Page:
The cast and crew have tried hard, but they haven’t been able to crack the nut that novelist Chuck Palahniuk fashioned in “Choke.” The incendiary material, edgy humor and radical shifts in tone in which the book reveled are simply beyond the adaptive skills of the filmmakers; their movie strains to be wickedly funny and provocative, but comes across feeling curiously pedestrian and tepid.
The central figure in the madcap plot is low-life Victor Mancini (Sam Rockwell), a medical school dropout who’s taken a dead-end job playing an indentured servant at a cheesy colonial-village recreation park where everybody slinks around desultorily except for the gung-ho fellow who’s the town chief, Lord High Charlie (writer-director Clark Gregg). Vince supplements his meager income—per the title—by pretending to choke in restaurants and accepting gifts from the people who, after “saving” him with the Heimlich maneuver, feel responsible for his future wellbeing. Victor, along with his best buddy and co-worker, a big lug named Denny (Brian William Henke), is also a sex addict who’s joined a therapy group (led in a cameo by Joel Grey). But all he actually does during the sessions is make out with the female participants.
Mancini isn’t a complete scumbag, though. His entire income goes to paying the cost of maintaining his increasingly addled mother Ida (Anjelica Huston) in a nursing home, even though—as we see in flashbacks—she was hardly a prize parent, often dumping him with foster families until she felt like stealing him back again. Ida’s getting so far gone that she can’t even recognize her son anymore, but her new doctor Paige Marshall (Kelly Macdonald) has some strange ideas about how she might be helped, including she and Victor having intercourse in the hospital chapel. She also claims to find a great secret in Ida’s Italian diary involving Victor’s paternity. Let’s just say that Dan Brown has nothing on old Ida’s alleged recollections.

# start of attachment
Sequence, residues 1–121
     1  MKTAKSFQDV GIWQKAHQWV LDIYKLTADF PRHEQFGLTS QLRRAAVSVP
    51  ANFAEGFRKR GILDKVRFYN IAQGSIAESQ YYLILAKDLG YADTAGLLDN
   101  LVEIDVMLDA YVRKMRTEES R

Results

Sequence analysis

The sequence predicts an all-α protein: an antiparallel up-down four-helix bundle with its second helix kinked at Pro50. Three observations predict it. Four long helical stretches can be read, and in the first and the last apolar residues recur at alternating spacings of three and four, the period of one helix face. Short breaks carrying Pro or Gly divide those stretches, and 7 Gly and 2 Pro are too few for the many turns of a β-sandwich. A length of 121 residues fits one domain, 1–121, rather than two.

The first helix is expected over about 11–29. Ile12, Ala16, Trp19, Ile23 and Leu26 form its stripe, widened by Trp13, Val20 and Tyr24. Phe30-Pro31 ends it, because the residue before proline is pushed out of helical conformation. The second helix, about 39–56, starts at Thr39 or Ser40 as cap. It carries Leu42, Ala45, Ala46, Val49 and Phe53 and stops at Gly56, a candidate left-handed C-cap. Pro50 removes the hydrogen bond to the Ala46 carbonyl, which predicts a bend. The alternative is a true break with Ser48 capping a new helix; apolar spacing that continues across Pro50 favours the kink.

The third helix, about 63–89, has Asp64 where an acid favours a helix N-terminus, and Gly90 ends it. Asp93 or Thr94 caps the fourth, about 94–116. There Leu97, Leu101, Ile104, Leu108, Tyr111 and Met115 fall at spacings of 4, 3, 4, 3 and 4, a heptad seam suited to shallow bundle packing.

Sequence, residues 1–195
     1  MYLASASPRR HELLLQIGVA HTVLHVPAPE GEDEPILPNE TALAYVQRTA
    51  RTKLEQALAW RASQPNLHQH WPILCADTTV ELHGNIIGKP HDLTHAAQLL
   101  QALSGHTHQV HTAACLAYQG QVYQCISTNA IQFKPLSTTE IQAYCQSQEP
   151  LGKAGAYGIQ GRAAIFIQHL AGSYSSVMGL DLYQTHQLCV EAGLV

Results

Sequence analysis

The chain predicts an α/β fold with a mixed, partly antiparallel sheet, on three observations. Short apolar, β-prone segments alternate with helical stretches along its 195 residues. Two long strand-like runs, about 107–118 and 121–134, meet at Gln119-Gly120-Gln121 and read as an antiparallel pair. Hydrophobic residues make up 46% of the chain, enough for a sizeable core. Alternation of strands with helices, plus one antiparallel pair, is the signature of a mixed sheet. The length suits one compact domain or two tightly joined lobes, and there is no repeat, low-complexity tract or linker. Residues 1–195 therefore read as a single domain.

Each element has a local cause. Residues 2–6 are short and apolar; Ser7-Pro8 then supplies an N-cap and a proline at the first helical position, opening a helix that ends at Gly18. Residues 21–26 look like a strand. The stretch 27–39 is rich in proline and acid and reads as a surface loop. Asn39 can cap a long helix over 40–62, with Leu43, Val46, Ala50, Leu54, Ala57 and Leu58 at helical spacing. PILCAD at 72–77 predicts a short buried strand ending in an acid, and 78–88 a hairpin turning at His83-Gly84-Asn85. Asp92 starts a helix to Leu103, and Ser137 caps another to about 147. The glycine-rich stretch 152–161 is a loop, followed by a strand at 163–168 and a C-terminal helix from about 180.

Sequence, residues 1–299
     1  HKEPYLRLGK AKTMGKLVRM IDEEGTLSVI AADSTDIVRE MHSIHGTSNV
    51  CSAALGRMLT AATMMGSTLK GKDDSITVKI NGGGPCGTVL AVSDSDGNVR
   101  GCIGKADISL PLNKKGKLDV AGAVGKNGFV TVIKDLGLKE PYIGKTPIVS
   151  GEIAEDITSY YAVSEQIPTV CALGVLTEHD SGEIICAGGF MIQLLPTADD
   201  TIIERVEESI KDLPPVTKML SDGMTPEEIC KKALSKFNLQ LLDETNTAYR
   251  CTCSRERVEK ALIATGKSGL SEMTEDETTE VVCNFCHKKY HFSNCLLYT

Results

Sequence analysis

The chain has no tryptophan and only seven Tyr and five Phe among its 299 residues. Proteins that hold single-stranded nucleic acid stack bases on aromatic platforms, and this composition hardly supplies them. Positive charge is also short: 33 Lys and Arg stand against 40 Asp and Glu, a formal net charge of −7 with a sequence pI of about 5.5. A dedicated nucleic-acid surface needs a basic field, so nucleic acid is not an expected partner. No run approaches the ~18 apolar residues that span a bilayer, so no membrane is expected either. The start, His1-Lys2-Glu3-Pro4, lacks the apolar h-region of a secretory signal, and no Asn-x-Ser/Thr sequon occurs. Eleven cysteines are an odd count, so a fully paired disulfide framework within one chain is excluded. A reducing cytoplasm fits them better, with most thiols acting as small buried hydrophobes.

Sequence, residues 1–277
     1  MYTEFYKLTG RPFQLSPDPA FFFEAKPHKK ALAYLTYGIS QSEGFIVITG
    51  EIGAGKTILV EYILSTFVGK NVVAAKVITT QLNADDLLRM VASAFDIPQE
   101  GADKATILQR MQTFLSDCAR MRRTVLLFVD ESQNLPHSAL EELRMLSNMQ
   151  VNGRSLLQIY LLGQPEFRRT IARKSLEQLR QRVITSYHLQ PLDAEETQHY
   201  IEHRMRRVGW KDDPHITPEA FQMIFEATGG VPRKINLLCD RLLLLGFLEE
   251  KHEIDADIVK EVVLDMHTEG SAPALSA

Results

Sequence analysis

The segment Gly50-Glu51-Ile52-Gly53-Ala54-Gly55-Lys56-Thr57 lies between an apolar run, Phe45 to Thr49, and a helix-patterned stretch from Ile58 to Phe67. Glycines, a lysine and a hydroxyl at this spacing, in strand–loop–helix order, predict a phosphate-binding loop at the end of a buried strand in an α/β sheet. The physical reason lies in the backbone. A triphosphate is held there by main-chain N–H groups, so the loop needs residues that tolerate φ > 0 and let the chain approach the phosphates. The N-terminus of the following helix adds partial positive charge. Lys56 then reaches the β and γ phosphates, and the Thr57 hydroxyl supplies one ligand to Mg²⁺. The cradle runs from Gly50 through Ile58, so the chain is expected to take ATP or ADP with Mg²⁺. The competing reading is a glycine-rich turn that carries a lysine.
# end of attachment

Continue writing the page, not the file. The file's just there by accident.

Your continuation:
A farrago of raunchiness, religious satire, slacker goofiness and con-man farce like this would require an especially nimble touch to avoid coming across as a mess, and Gregg—though he’s actually quite funny as the pompous but emotional Charlie—doesn’t have it. Rockwell certainly goes for broke as Victor, in every sense, and he’s matched by the likable Henke (who makes the hulking fellow’s romance with an airhead pole dancer who introduces herself as Cherry Daquiri and adds gravely, “It’s not my real name,” one of the warmest aspects of the movie). But their efforts aren’t matched by the rest of the cast—including Huston, who does nothing special as Ida, and Macdonald, a blank Paige)—but it’s Gregg’s inability to invest the piece with any particular style or mood that leaves the picture feeling far too bland and shambling for its own good. The deficiency is accentuated by a production that’s frankly mediocre; presumably Tim Orr’s drab, gritty cinematography and Roshelle Berliner’s equally grim production design are meant to mirror the shabbiness of Victor’s existence, but without the compensation of a truly imaginative approach to the material they just seem the unfortunate result of budgetary constraints.
Even if you appreciate Palahniuk’s book—and he’s an acquired taste, anyway—it’s unlikely that you’ll find this adaptation a worthy reflection of its peculiarly ribald, anarchic spirit. In its screen form, “Choke” may aim to be outrageous, but despite the wildness of its narrative, it’s just a perfectly ordinary failure.